On Wednesday, NASA’s Double Asteroid Redirection Test (DART) was launched from Space Launch Complex 4 East at Vandenberg Space Force Base in California.
This is the world’s first full-scale mission to test technology for defending Earth against “potential asteroid or comet hazards.” DART was launched on a SpaceX Falcon 9 rocket.
“Just one part of NASA’s larger planetary defense strategy, DART — built and managed by the Johns Hopkins Applied Physics Laboratory (APL) in Laurel, Maryland — will impact a known asteroid that is not a threat to Earth,” announced NASA in a statement. “Its goal is to slightly change the asteroid’s motion in a way that can be accurately measured using ground-based telescopes.”
NASA explained that “DART will show that a spacecraft can autonomously navigate to a target asteroid and intentionally collide with it,” demonstrating a “method of deflection called kinetic impact.”
“The test will provide important data to help better prepare for an asteroid that might pose an impact hazard to Earth, should one ever be discovered,” NASA added.
“DART is turning science fiction into science fact and is a testament to NASA’s proactivity and innovation for the benefit of all,” said NASA Administrator Bill Nelson. “In addition to all the ways NASA studies our universe and our home planet, we’re also working to protect that home, and this test will help prove out one viable way to protect our planet from a hazardous asteroid should one ever be discovered that is headed toward Earth.”
“At its core, DART is a mission of preparedness, and it is also a mission of unity,” said Thomas Zurbuchen, associate administrator for the Science Mission Directorate at NASA Headquarters in Washington. “This international collaboration involves DART, ASI’s LICIACube, and ESA’s Hera investigations and science teams, which will follow up on this groundbreaking space mission.”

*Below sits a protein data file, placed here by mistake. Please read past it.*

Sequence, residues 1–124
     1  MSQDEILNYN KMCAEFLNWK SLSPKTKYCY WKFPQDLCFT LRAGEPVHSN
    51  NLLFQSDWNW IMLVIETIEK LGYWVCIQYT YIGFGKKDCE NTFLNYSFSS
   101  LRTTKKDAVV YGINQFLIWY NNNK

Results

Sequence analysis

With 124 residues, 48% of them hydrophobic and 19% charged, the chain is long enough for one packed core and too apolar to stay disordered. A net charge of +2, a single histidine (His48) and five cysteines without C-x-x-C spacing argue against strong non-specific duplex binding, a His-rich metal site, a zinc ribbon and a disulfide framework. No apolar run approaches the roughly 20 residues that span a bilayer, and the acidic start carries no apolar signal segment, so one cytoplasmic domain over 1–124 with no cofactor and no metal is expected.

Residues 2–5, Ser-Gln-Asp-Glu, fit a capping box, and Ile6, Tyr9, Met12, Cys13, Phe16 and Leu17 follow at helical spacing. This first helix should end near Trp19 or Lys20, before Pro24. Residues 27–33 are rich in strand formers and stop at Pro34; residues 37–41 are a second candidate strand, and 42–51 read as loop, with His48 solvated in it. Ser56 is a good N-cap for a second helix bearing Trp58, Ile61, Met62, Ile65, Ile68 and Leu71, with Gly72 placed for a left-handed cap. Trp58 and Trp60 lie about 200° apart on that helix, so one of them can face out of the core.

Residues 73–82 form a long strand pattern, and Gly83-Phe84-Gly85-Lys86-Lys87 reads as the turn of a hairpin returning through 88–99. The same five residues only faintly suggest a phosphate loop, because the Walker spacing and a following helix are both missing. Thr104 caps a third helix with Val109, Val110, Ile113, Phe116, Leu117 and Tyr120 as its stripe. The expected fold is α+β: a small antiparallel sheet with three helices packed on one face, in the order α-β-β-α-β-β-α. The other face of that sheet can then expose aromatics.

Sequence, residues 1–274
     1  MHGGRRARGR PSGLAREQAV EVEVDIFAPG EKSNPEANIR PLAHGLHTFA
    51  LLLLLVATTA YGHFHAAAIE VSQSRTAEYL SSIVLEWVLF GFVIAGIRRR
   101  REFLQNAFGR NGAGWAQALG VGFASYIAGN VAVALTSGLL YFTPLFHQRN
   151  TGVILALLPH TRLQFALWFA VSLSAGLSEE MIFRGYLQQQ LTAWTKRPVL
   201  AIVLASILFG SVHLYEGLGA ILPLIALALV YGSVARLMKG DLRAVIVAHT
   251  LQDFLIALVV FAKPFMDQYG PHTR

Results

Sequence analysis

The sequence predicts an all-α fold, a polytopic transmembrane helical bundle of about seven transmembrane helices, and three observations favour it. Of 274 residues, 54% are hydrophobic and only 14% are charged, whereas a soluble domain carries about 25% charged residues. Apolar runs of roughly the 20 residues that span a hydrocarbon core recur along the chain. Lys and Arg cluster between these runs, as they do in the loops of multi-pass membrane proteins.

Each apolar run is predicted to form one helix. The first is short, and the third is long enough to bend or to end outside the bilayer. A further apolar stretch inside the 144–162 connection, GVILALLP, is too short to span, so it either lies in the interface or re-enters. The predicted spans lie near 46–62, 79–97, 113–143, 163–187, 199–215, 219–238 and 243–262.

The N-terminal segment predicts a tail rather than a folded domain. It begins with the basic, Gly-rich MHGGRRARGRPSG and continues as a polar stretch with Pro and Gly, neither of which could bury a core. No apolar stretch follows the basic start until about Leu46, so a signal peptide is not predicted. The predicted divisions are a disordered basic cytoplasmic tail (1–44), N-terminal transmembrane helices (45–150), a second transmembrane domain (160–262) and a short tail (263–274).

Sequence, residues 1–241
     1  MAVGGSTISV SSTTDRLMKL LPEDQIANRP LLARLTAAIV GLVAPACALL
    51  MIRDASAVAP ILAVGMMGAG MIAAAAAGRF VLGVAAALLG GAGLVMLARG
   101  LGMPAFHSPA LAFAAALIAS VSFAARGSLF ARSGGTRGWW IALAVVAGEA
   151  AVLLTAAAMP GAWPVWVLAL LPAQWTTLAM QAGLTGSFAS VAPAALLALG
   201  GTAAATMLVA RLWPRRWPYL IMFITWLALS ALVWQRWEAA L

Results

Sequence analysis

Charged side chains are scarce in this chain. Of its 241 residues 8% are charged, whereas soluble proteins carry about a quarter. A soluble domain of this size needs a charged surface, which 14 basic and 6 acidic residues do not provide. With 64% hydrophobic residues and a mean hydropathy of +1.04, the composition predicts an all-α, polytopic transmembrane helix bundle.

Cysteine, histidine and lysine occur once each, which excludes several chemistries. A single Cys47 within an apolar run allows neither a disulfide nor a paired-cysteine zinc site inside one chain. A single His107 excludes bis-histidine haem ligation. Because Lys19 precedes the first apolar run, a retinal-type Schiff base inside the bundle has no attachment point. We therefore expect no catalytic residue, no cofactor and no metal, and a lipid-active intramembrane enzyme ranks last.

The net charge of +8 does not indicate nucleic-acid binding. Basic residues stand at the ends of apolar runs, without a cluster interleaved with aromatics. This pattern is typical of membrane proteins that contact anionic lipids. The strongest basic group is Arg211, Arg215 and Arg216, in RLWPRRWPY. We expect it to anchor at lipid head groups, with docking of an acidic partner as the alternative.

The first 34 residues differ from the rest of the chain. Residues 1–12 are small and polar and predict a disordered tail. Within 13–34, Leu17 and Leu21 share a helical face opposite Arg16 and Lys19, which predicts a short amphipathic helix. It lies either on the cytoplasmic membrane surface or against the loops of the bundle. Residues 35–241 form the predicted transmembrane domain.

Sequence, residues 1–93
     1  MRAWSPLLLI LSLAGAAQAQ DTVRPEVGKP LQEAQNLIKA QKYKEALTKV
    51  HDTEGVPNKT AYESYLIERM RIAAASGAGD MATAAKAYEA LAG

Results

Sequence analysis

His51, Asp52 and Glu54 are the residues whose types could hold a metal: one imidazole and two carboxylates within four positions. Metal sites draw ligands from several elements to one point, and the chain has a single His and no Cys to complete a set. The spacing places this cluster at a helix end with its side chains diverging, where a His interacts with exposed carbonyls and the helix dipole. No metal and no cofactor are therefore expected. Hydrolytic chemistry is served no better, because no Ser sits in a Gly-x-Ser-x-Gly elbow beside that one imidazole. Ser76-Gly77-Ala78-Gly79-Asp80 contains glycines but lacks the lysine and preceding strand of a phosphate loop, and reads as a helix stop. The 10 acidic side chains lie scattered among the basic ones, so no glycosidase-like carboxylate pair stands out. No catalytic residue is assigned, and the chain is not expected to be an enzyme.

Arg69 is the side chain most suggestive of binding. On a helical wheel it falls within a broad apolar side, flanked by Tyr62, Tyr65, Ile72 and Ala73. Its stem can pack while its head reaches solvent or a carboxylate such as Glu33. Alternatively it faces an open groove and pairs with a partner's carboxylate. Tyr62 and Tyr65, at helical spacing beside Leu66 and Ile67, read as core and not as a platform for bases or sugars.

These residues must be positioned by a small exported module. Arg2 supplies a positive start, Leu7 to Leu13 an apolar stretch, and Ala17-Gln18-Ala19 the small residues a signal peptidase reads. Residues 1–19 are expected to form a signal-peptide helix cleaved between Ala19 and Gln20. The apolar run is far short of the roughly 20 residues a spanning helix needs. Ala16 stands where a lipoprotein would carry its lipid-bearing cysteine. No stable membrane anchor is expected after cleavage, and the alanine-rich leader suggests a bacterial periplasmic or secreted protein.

DART is carrying out a one-way trip to the Didymos asteroid system, which consists of two asteroids. DART will be targeting the moonlet, Dimorphos, which is approximately 530 feet in diameter. The moonlet orbits Didymos, which is approximately 2,560 feet in diameter.
“Since Dimorphos orbits Didymos at much a slower relative speed than the pair orbits the Sun, the result of DART’s kinetic impact within the binary system can be measured much more easily than a change in the orbit of a single asteroid around the Sun,” explained NASA.
“We have not yet found any significant asteroid impact threat to Earth, but we continue to search for that sizable population we know is still to be found. Our goal is to find any possible impact, years to decades in advance, so it can be deflected with a capability like DART that is possible with the technology we currently have,” said Lindley Johnson, planetary defense officer at NASA Headquarters. “DART is one aspect of NASA’s work to prepare Earth should we ever be faced with an asteroid hazard. In tandem with this test, we are preparing the Near-Earth Object Surveyor Mission, an space-based infrared telescope scheduled for launch later this decade and designed to expedite our ability to discover and characterize the potentially hazardous asteroids and comets that come within 30 million miles of Earth’s orbit.”
The spacecraft is scheduled to intercept the Didymos system between September 26 and October 1, 2022. It will intentionally slam into Dimorphos at approximately 4 miles per second.
“Scientists estimate the kinetic impact will shorten Dimorphos’ orbit around Didymos by several minutes,” NASA noted. “Researchers will precisely measure that change using telescopes on Earth. Their results will validate and improve scientific computer models critical to predicting the effectiveness of the kinetic impact as a reliable method for asteroid deflection.”
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